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dave-131122 October 2010
This movie was a waste of my time and money. I left the theater wishing for my money back. I can't believe people like this dribble. Let me recap what happened........ OK I'm done. Ya, nothing happened in this movie, absolutely nothing. The mood is sooo somber it's hard to stay awake. No background music, hardly any dialog and what dialog there is is awful. The movie makes no point, has no conclusion. A movies should have a beginning, middle and end? This has only a middle, with nothing to start it off and an end that doesn't really exist. I should have known I was in the wrong theater when I looked around and noticed the average age of the audience was older than Eastwood himself.
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Trite, Boring, 1-Dimensional, Pointless
dhall5824 October 2010
The best thing about this movie is that I got to see the trailer for True Grit. Hopefully True Grit will execute on the premise it presented. I think Eastwood decided to channel Robert Redford for this dreadful, slow, rambling mess of a movie. For the first half hour you feel like something is about to happen, but after another half hour you realize that it's just going to play out as an eventless exposition on death. Yawn, yawn, yawn. It's almost an insult that the movie wraps up sensibly, given that nothing is ever at stake in the film, and the characters, though well-drawn, don't have anything of any importance to accomplish. I get the feeling that the people who rated this highly either: 1) have recently experienced a death, or 2) are about to experience a death. Aside from them, there is no audience or reason for this junior-high school level term paper to evolve into a script or a movie. As a produced screenwriter, I read a lot of scripts. I read a lot of good scripts. The fact that Hollywood in general can't distinguish a good script from a rambling mess is why a larger percentage of entertainment dollars is going to video games and reality shows. Nothing scary in this movie. Nothing that rises to the level of real drama. No real thrills. No revelations or truths revealed in a new manner...$50 million to produce. What a waste of studio money.
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Fascinatingly haunting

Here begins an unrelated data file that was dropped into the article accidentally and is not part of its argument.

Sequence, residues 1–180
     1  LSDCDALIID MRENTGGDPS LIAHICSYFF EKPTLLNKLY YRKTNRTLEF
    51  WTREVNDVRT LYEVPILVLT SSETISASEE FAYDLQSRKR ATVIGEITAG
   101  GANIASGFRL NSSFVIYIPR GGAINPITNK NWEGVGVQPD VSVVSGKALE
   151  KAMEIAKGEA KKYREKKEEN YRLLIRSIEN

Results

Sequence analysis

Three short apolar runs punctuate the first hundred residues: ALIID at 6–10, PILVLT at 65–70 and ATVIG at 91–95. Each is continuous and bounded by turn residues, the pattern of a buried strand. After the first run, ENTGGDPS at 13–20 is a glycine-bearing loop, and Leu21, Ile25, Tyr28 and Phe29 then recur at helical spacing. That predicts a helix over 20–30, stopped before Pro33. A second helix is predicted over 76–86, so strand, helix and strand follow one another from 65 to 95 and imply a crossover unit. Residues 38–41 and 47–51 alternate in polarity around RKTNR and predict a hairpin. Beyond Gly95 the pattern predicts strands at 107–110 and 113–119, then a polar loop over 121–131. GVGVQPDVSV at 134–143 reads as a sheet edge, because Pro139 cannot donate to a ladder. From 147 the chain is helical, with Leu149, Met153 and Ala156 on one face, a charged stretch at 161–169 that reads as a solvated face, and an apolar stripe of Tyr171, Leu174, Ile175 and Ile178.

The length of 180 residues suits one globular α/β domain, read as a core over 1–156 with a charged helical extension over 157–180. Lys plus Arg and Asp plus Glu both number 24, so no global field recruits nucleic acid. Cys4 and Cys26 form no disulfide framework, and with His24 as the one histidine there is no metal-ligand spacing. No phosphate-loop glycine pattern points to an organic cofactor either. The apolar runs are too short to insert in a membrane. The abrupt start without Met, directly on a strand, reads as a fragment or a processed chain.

Dr Jacques COULARDEAU21 March 2011
Warning: Spoilers
Clint Eastwood is always throwing his films in the crowd of onlookers as if it were a bomb or a good uppercut or some kind of blackmailing session of arm twisting. And this Hereafter trip into dead territory and death's kingdom is one more provocation right in our faces.

What is there beyond death? A beyond or hereafter that no one knows except a few who have been able to come back but who are regarded by people as some kind of zombies or crazy ranting and raving extra-terrestrials. He takes a little of Dead Zone by Stephen King and he turns his film into a journey across the world from San Francisco to London and Paris where we meet three exceptional beings. A twin brother who has lost his twin in some ugly road accident. A TV anchorwoman who has died in a tsunami and managed to come back. And a medium who suffered some health problem in his youth and died a couple of times or more on the operating table.

The whole film will aim at bringing the three together one way or another and make them discover there is something, even some life beyond those deadly and fatal events. At the same time he settles some long deserved accounts with a few people, among others French publishers who are as frigid as for publishing kinky things as old spinsters who have dedicated their whole lives to looking at the tip of their shoes. Jean Yves Berteloot in that role is cruel and so realistic that he is truer than truth itself. And we can think of absolutely all French publishers as being some rancid loveless and heartless old crumbs lost under a pile of rotting wood.